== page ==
ATLANTA -- As the Braves' legends emerged from behind the center-field wall and made their way toward their former positions, the fans that packed Turner Field one last time Sunday afternoon were provided yet another opportunity to reminisce about all of the great times they had experienced while this ballpark
ATLANTA -- As the Braves' legends emerged from behind the center-field wall and made their way toward their former positions, the fans that packed Turner Field one last time Sunday afternoon were provided yet another opportunity to reminisce about all of the great times they had experienced while this ballpark served as the home of the Braves for the past 20 seasons.
Though the main event was a regular-season finale between a Tigers team battling for its postseason life and a Braves club simply attempting to add to its promising late-season success, the celebratory feel had more to do with the memories the players, coaches and fans wanted to savor during the final game in Turner Field's history, which dates back to 1997.
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"It was kind of weird walking in here knowing this will be the last time," Hall of Famer Tom Glavine said before the Braves' 1-0 win over the Tigers. "I don't know what it will be like going into that new stadium, but I know it's going to be weird going into a new stadium that I have no history in. Now, more than anything, it will be interesting to see what happens to this place."
Turner Field will soon be transformed into Georgia State's new football field, much like it was once transformed from Centennial Olympic Stadium (where Carl Lewis captured his last Olympic gold medal) into the stadium where the Braves capped the greatest era in the organization's history and spent the past couple of years attempting to move toward another era of greatness.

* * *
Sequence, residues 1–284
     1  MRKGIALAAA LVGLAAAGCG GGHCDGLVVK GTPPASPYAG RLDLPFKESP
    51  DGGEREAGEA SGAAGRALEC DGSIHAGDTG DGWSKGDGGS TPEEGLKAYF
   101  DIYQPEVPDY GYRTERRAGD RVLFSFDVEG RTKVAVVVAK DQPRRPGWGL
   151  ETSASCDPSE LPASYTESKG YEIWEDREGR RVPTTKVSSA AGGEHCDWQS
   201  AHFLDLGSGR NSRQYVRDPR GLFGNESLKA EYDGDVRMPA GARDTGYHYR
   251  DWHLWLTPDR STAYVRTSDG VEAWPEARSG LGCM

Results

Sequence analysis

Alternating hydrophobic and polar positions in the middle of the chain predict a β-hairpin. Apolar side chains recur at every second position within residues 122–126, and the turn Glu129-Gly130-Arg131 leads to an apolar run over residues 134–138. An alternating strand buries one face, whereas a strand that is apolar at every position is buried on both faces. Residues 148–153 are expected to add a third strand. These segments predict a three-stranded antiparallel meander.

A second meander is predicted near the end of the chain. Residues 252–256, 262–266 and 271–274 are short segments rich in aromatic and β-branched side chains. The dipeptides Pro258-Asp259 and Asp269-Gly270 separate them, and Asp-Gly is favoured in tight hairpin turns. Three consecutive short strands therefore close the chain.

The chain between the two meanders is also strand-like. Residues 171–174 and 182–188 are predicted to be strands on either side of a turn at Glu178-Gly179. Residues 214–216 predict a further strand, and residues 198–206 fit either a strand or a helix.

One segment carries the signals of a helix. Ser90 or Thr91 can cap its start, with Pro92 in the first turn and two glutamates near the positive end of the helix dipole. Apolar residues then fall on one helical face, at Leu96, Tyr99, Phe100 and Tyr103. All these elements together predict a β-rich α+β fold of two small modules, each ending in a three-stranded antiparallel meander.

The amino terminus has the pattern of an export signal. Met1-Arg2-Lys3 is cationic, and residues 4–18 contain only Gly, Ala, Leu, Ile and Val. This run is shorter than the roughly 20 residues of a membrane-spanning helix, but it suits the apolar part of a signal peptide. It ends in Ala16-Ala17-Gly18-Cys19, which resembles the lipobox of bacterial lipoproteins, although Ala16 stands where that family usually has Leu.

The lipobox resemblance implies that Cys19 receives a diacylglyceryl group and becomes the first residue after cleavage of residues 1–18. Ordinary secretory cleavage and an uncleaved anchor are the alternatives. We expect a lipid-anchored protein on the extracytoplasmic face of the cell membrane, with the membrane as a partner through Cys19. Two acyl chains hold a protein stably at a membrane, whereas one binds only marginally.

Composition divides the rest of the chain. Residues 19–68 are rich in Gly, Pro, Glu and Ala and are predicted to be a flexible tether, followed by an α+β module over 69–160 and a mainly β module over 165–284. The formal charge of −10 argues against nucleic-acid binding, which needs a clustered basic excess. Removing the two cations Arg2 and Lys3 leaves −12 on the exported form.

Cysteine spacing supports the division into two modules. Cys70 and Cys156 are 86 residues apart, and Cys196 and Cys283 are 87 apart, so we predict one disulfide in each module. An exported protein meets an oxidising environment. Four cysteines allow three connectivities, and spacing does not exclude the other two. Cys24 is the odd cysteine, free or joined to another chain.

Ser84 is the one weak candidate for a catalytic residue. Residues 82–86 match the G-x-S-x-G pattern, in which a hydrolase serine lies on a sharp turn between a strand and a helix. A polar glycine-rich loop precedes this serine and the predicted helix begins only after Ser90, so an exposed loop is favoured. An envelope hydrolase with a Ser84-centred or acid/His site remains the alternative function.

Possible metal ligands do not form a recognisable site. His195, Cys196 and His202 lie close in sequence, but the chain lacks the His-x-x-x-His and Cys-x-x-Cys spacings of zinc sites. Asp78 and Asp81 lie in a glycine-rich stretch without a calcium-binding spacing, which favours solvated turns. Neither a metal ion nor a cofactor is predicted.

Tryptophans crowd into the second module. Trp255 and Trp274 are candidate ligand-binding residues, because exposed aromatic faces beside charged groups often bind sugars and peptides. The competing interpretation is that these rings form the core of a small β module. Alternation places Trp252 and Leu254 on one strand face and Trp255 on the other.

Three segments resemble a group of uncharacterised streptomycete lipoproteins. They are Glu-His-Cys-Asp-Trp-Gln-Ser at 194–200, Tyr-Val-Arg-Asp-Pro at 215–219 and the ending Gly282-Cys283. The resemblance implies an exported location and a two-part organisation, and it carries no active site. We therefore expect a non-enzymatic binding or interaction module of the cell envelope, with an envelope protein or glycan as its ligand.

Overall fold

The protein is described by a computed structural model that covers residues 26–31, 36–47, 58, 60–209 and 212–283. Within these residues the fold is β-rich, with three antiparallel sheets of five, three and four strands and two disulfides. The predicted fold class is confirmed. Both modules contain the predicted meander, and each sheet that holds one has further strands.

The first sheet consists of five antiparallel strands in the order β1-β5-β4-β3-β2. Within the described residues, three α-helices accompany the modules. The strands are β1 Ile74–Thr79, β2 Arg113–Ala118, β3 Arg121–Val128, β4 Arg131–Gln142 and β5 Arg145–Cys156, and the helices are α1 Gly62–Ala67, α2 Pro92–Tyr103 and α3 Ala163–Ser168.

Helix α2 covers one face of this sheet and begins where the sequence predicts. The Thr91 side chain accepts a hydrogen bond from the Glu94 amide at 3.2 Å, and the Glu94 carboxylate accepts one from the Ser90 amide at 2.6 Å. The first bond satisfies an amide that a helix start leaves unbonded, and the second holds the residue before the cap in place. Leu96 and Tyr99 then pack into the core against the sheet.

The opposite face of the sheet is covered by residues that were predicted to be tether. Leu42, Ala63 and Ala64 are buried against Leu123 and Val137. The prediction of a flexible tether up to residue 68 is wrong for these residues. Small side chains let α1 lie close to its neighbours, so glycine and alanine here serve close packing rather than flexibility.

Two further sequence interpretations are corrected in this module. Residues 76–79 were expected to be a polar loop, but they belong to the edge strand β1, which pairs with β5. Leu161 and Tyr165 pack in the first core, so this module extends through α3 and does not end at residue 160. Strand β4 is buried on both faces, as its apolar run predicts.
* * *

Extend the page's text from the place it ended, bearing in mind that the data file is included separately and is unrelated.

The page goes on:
"There will be a lot of emotions seeing all of the guys come back," said Freddie Freeman, who stands as the only player who played for the Braves during both the Chipper Jones and Dansby Swanson eras. "A lot of great memories have been made here and hopefully we can create some new ones."
Some of those memories were stirred as they Braves introduced the members of their Turner Field Team before Sunday's game. Third baseman Chipper Jones, who will forever be remembered as the most prolific player to play at The Ted, was the first to emerge from the center-field wall, walk through the outfield grass and stand at his former position.
Shortstop Rafael Furcal, second baseman Marcus Giles, first baseman Adam LaRoche, left fielder Brian Jordan, center fielder Andruw Jones, right fielder Gary Sheffield and catcher Javy Lopez followed suit. Then the Hall of Fame trio -- John Smoltz, Greg Maddux and Glavine -- walked in unison toward the mound before Hall of Fame manager Bobby Cox walked on the field to a rousing ovation. Glavine, Maddux and Smoltz threw the stadium's last ceremonial first pitches. Beloved usher Walter Banks, who has been with the Braves since they moved from Milwaukee in 1966, delivered the final "Play Ball" announcement before Julio Teheran delivered the game's first pitch.
"Over the course of the week as guys talked about their favorite moments, you remembered stuff," Glavine said. "It's hard to remember everything. But as soon as I saw Brian Jordan, I remembered that grand slam he hit against the Mets [late in the 2001 season] and certainly the literal walk-off win against the Mets [to go to the 1999 World Series]."
While Atlanta-Fulton County Stadium hosted many more postseason celebrations for the Braves, Turner Field served as the club's home as it captured nine of its 14 consecutive division titles (1991-2005), participated in four NL Championship Series and reached the World Series in 1999, which was the same year Chipper Jones was named National League MVP.
Some of the greatest memories at Turner Field include many of the home runs hit by Chipper Jones. The ones that buried the Mets late in the 1999 season, the one he hit during the 2000 All-Star Game and, of course, the last of his career -- a walk-off shot against Philadelphia's Jonathan Papelbon to cap a five-run ninth inning.
Eric Hinske's go-ahead home run in Game 3 of the 2010 NL Division Series drew one of the loudest ovations in the stadium's history, but that memory is tarnished by the last of the three errors Brooks Conrad committed that day. Thus, there are some fans who have more of a fondness for remembering that both Jason Heyward and Jeff Francoeur homered during their big league debuts in front of the hometown fans or that Brian McCann homered in his first career postseason at-bat against Roger Clemens.
"This has been a great park," Braves manager Brian Snitker said. "There have been a lot of great games and a lot of great Hall of Fame players have come through here. I think there will be a lot of people for a long time that remember that they got to watch Chipper, Smoltz, Glavine and Maddux play on this field. So they'll tell their kids, 'Back at The Ted, I got to watch those guys play.'"
Mark Bowman has covered the Braves for MLB.com since 2001.